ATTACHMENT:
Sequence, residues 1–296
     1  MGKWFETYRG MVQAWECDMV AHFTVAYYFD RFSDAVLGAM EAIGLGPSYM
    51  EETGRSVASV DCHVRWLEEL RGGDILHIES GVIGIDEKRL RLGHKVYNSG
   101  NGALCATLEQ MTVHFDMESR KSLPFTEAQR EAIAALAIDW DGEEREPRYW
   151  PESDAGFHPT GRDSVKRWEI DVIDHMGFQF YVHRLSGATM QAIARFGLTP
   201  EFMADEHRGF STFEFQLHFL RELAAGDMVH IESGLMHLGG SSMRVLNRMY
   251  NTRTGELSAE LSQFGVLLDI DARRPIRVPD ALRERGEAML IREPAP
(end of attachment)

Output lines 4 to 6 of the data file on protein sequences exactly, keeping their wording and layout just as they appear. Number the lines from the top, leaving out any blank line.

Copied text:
   101  NGALCATLEQ MTVHFDMESR KSLPFTEAQR EAIAALAIDW DGEEREPRYW
   151  PESDAGFHPT GRDSVKRWEI DVIDHMGFQF YVHRLSGATM QAIARFGLTP
   201  EFMADEHRGF STFEFQLHFL RELAAGDMVH IESGLMHLGG SSMRVLNRMY